Moreover, the rule's reference to "guidance or training" recognizes that the manner in which employers convey their expectations to managers will vary depending on the circumstances.  For example, a smaller employer might reasonably rely entirely on brief, informal, oral instruction.
14. Consideration 1625.7(e)(2)(iii) is "[t]he extent to which the employer limited supervisors' discretion to assess employees subjectively, particularly where the criteria that the supervisors were asked to evaluate are known to be subject to negative age-based stereotypes."  Does this consideration mean that it is unreasonable to use subjective decisionmaking? 
No.  In many cases, it may be crucial for an employer to assess employee or applicant qualities such as flexibility and willingness to learn -- qualities that are often assessed subjectively.  The rule does not say that employers may not seek these qualities in its workforce, or that they are not valuable.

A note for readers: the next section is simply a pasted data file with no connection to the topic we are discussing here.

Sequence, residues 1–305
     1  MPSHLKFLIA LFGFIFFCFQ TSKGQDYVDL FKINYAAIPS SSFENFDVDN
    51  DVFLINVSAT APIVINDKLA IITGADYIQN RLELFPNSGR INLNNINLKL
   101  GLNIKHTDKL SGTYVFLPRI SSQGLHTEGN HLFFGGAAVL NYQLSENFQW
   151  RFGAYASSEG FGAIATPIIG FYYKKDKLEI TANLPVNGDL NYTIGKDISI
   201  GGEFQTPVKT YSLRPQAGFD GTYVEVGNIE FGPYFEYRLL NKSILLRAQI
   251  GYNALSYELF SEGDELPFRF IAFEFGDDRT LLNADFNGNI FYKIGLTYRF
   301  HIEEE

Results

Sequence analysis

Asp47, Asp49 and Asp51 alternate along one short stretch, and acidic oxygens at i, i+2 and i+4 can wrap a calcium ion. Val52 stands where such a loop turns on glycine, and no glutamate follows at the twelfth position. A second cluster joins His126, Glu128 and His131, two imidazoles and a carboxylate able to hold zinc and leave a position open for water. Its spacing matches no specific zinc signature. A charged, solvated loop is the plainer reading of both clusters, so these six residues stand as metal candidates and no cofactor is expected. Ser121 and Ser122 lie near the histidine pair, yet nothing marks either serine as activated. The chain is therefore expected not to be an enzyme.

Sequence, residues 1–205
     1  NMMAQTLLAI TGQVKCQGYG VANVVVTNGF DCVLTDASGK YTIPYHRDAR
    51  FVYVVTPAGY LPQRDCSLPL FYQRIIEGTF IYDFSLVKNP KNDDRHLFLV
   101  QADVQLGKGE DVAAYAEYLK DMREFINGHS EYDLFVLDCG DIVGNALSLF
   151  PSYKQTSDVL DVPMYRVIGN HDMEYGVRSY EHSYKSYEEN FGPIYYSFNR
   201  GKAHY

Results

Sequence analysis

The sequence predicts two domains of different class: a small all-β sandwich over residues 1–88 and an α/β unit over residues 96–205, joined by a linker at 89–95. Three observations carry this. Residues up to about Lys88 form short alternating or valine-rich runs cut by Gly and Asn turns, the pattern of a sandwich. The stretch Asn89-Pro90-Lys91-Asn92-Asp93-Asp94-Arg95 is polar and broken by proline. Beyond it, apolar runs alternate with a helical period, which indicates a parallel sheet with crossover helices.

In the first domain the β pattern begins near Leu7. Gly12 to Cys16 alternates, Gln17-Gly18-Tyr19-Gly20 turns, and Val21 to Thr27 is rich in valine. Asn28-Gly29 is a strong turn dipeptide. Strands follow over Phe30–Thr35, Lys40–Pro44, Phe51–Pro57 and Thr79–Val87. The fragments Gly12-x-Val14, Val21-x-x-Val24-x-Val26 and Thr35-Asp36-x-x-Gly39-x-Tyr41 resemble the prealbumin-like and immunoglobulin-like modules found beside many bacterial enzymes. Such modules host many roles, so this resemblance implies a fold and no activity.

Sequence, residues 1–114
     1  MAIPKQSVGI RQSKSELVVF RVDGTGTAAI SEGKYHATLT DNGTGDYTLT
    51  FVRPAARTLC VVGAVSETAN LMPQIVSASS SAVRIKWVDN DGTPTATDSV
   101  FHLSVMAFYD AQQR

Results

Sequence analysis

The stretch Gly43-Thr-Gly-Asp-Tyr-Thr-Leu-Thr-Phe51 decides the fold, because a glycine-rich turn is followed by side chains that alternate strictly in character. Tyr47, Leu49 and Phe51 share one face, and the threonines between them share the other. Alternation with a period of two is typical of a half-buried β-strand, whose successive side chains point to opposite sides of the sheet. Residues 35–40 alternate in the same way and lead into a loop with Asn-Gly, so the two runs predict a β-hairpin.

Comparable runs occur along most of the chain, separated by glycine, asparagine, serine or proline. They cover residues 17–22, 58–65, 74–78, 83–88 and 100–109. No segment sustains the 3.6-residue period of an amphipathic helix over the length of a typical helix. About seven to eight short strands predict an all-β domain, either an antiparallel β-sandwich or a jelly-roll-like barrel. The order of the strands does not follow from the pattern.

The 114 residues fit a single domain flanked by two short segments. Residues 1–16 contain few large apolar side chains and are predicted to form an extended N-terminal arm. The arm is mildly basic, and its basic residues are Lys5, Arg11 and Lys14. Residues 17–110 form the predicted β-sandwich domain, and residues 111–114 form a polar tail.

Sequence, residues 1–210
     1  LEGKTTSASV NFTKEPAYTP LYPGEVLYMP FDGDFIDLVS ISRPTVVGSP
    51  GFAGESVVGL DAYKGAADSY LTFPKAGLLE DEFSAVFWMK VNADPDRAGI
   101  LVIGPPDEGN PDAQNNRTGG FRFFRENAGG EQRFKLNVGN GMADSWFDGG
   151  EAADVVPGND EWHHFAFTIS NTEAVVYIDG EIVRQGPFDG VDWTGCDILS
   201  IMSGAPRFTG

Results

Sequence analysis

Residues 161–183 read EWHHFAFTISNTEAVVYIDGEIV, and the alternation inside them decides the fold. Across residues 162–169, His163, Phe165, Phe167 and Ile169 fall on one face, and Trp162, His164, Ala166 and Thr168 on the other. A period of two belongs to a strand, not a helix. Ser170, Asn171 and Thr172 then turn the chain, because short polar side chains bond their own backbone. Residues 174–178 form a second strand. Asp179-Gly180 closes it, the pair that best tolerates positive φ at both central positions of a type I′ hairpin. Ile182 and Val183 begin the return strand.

However, consideration 1625.7(e)(2)(iii) does recognize that giving supervisors unconstrained discretion to evaluate employees or applicants using subjective criteria may result in disproportionate harm to older workers, because it allows supervisors' biases and stereotypes to infect the decisionmaking.  Therefore, it is particularly useful to provide guidance when asking supervisors to evaluate subjective criteria that are subject to age-based stereotypes, such as productivity, flexibility, willingness to learn, and technological skills.  For example, an employer that wants its supervisors to evaluate technological skills might attempt to reduce possible harm to older workers by instructing managers to look specifically at objective measures of the specific skills that are actually used on the job.
15. Consideration 1625.7(e)(2)(iv) is "[t]he extent to which the employer assessed the adverse impact of its employment practice on older workers."  Does this consideration require an employer to perform an adverse impact analysis of its employment practices? 
No.  The extent to which the employer assessed the adverse impact of its employment practice on older workers is simply one way of determining whether the employer considered the potential harm to older workers.